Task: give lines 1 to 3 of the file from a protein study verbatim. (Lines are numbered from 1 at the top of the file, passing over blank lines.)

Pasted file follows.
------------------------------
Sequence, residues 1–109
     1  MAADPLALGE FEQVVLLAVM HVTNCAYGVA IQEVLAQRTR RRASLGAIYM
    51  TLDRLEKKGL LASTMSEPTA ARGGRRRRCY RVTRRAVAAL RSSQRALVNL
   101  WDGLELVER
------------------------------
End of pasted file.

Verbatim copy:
Sequence, residues 1–109
     1  MAADPLALGE FEQVVLLAVM HVTNCAYGVA IQEVLAQRTR RRASLGAIYM
    51  TLDRLEKKGL LASTMSEPTA ARGGRRRRCY RVTRRAVAAL RSSQRALVNL